A new ACLU report called The Outskirts of Hope (PDF) documents the rise of illegal debtors prisons in Ohio. A majority of municipal and mayors' courts (an unregulated and rare system of courts only permitted in two states) surveyed by the ACLU routinely imprison people for their inability to pay fines, a practice banned in both the US and state constitution. 20 percent of the bookings in the Huron County Jail are "related to failure to pay fines."
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Taking care of a fine is straightforward for some
Ohioans — having been convicted of a criminal
or traffic offense and sentenced to pay a fine, an
affluent defendant may simply pay it and go on
with his or her life. For Ohio’s poor and working poor, by contrast, an unaffordable fine is just
the beginning of a protracted process that may
involve contempt charges, mounting fees, arrest
warrants, and even jail time. The stark reality is
that, in 2013, Ohioans are being repeatedly jailed
simply for being too poor to pay fines.
The U.S. Constitution, the Ohio Constitution, and
Ohio Revised Code all prohibit debtors’ prisons.
The law requires that, before jailing anyone for
unpaid fines, courts must determine whether
an individual is too poor to pay. Jailing a person
who is unable to pay violates the law, and yet
municipal courts and mayors’ courts across the
state continue this draconian practice. Moreover,
debtors’ prisons actually waste taxpayer dollars
by arresting and incarcerating people who will
simply never be able to pay their fines, which are
in any event usually smaller than the amount it
costs to arrest and jail them.
Dubstep legend Skrillex is apparently visiting a Disney themepark somewhere in the world and getting cuddles from a Minnie Mouse head-character. The world is a big and odd place.
my new chick, sorry Mickey Read the rest
PetaPixel has an incredible interview up with Clark Little and showcases many of his fabulous surf photos. Read the rest
Years and years ago, I saw Heather Gold's innovative, interactive baking comedy "I Look like An Egg, but I Identify As A Cookie" in San Francisco. It was fabulous. Now it's about to have its debut in the East Bay:
While baking chocolate chip cookies with the audience and special guests (Bakesale Betty), Gold combines heterosexuality (DRY), lesbianism (WET), and the Left (MIX). "Cookie" is a story of first kisses, rugby drama, Mrs C's secret honeycake recipe and slow dancing to Air Supply. Gold transforms the coming out story, making mincemeat of the identities that keep us from our whole selves and each other. "Cookie" is a show of sweet and simple truths.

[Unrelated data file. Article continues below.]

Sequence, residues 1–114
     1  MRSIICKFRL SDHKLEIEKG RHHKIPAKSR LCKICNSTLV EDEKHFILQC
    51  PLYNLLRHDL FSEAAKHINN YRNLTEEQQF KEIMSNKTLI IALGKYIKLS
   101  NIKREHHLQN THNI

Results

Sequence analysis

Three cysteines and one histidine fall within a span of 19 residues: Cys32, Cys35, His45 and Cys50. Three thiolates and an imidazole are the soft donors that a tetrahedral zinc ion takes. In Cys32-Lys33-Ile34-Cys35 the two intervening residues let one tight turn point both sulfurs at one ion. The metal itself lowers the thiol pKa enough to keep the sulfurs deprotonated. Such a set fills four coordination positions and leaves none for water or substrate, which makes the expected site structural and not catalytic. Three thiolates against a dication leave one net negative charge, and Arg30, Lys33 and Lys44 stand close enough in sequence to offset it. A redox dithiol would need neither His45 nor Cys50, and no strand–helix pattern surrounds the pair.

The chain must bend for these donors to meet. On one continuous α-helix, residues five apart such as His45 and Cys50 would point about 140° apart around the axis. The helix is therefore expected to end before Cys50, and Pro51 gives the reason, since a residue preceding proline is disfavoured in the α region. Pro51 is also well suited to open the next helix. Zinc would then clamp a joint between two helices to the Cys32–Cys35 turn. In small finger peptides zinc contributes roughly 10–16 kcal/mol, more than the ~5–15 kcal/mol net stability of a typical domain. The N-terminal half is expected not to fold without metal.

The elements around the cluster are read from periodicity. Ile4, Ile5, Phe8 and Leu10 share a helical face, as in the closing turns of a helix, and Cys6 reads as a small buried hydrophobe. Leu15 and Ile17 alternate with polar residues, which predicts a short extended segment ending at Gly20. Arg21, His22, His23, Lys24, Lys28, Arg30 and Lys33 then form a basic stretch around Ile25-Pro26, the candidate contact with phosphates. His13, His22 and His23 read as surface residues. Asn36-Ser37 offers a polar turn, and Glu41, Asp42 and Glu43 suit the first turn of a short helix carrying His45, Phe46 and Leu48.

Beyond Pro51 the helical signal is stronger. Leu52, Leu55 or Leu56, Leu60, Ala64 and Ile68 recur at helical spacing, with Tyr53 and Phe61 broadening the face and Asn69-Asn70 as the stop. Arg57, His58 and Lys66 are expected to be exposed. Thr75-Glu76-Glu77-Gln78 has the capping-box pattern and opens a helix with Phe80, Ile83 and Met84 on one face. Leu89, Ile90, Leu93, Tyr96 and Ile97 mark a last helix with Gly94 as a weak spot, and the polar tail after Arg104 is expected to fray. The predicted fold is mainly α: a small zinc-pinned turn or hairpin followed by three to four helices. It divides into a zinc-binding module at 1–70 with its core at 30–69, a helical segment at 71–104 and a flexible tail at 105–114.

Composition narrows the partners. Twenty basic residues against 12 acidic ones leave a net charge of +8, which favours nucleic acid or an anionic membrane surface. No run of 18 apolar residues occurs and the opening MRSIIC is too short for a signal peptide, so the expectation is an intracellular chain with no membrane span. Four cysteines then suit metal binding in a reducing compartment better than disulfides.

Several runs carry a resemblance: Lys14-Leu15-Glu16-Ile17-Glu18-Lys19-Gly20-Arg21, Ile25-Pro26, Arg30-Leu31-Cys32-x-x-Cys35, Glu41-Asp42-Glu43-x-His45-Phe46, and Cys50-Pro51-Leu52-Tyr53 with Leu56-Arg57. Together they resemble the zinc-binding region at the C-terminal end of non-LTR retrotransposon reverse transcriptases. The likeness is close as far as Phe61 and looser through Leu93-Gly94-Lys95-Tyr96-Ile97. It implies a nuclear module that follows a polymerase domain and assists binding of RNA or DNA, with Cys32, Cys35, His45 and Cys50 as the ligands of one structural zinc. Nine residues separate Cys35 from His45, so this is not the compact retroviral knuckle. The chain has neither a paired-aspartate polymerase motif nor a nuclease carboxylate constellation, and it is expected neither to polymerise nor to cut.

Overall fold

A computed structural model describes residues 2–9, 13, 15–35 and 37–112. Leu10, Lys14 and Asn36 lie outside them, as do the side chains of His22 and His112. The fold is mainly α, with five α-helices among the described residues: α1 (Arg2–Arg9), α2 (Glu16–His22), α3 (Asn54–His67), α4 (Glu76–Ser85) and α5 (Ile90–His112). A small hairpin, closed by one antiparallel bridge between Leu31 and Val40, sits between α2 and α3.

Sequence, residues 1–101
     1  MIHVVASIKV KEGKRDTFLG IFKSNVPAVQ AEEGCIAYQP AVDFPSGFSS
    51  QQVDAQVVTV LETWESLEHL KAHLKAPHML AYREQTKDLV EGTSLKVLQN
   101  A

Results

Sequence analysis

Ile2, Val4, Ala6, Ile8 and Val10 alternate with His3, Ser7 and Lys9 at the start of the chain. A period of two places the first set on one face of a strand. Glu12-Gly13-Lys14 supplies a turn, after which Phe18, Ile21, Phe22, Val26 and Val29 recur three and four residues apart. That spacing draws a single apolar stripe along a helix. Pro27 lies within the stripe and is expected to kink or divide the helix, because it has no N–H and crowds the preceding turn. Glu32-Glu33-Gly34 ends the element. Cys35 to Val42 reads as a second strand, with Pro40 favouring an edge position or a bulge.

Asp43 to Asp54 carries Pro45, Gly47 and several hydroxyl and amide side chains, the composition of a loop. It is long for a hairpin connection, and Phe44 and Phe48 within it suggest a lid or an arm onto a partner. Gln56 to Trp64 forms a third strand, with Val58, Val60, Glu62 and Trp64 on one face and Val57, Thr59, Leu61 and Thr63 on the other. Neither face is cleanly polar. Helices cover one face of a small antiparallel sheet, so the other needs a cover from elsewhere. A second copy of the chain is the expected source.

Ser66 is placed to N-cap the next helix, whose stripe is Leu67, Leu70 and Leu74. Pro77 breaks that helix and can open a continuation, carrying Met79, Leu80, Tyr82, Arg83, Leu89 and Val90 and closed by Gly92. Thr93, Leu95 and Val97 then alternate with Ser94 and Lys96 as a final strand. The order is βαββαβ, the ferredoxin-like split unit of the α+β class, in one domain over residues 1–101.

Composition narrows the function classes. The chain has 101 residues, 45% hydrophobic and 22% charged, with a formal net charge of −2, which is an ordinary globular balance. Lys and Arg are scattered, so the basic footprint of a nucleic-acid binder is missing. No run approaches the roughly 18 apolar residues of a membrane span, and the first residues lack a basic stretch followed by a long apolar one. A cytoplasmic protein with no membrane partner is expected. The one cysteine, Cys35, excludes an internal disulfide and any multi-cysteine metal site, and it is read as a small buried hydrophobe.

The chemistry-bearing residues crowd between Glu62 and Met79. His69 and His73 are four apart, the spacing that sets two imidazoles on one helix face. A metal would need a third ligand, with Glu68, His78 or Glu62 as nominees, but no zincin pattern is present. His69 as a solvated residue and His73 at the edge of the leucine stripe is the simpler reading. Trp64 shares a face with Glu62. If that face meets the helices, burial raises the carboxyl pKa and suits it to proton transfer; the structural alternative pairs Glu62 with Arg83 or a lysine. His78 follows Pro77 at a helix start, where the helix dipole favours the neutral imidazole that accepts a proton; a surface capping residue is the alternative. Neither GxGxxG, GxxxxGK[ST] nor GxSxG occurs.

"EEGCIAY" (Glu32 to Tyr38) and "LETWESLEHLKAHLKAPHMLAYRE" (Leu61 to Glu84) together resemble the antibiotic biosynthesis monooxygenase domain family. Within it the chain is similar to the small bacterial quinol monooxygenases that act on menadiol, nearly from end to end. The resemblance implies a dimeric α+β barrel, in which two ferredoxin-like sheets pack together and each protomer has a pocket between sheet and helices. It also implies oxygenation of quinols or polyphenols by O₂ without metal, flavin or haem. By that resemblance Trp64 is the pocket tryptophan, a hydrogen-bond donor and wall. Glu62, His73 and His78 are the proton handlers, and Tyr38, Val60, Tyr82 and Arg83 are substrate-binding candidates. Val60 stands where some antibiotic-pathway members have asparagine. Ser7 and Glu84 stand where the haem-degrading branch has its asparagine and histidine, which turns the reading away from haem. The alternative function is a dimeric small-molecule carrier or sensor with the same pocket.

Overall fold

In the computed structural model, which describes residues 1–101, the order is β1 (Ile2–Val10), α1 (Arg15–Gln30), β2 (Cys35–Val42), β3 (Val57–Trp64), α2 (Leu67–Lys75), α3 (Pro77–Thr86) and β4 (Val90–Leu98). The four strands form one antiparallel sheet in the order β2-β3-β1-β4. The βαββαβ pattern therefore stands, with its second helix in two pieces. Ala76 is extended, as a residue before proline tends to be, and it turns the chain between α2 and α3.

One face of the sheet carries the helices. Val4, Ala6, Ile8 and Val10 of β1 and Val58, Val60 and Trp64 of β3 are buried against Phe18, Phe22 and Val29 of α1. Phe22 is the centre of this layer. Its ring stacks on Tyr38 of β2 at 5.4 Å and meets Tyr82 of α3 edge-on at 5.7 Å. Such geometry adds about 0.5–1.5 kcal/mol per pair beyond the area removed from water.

Heather's making two pairs of tickets available, all you need to do is tweet you favorite secret ingredient with #eggcookie and she'll get in touch. Oh, and here's a great post Heather made explaining why she uses CC licenses in her performances.
I LOOK LIKE AN EGG,
BUT I IDENTIFY AS A COOKIE
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The "Polar Bear Ice Tray" is a sealed bottle that makes icecubes and then facilitates their easy removal. The sealed container keeps freezer flavors away, and once it's all frozen, you can dislodge the ice by giving the bottle a whack on a countertop and then pour it out of the mouth. Looks like a clever way of solving an old problem, though I haven't tried it myself.
polar bear ice tray
(via Red Ferret)
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EC is best known as the publisher of MAD, but they also published a line of horror and science fiction comics that featured some of the best cartoonists and writers in the history of comics. Today, Fantagraphics released two beautiful hardbound books that collect the work of two of their superstars: Al Williamson and Jack Davis. The reproduction quality is superb.
The Williamson collection also includes a short comic story by Frank Frazetta, called “Squeeze Play.” Sample below. (The Fantagraphics book is in black and white and the art is much cleaner than this sample.)
50 Girls 50 and Other Stories Illustrated by Al Williamson
'Tain't the Meat...It's the Humanity! and other Stories Illustrated by Jack Davis Read the rest
Adam Thick, an ex-con who did time for counterfeiting, runs a company called Extreme Kidnapping, which stages consensual kidnappings for fees ranging from $500 to $1000 (he was inspired by the movie The Game).
GQ magazine gave him $1500 to kidnap a writer called Drew Magary and hold him overnight, torturing and terrorizing him to the best of their ability and within the confines of their prior agreement. Magary documented his experiences for the magazine, describing a few moments of real terror, some inadvertent bathos, and a reflective moment at the end where he compared his experience to that of a friend who was kidnapped and held by terrorists. It's a good read:
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I heard the hiss of the blowtorch. Someone else in the room—Cody—grabbed my cuffed hands and began prying loose one of my fingers. I could feel the heat from the torch and became momentarily alarmed. Even though this all still felt fake, I tend to recoil from blowtorches.
"Gimme your finger."
He let go and I yanked my hands back. They ripped the tape off my bare skin and led me to a filthy, half-inflated air mattress. They gave me a sip of water, duct-taped my mouth shut, and chained my right leg to a weight bench. Then they left.
More hours passed, and I found myself missing my kidnappers. At least when they were around, things happened. The story advanced. I desperately wished I had brought a friend along, someone I could turn to and say "This sucks" every few minutes.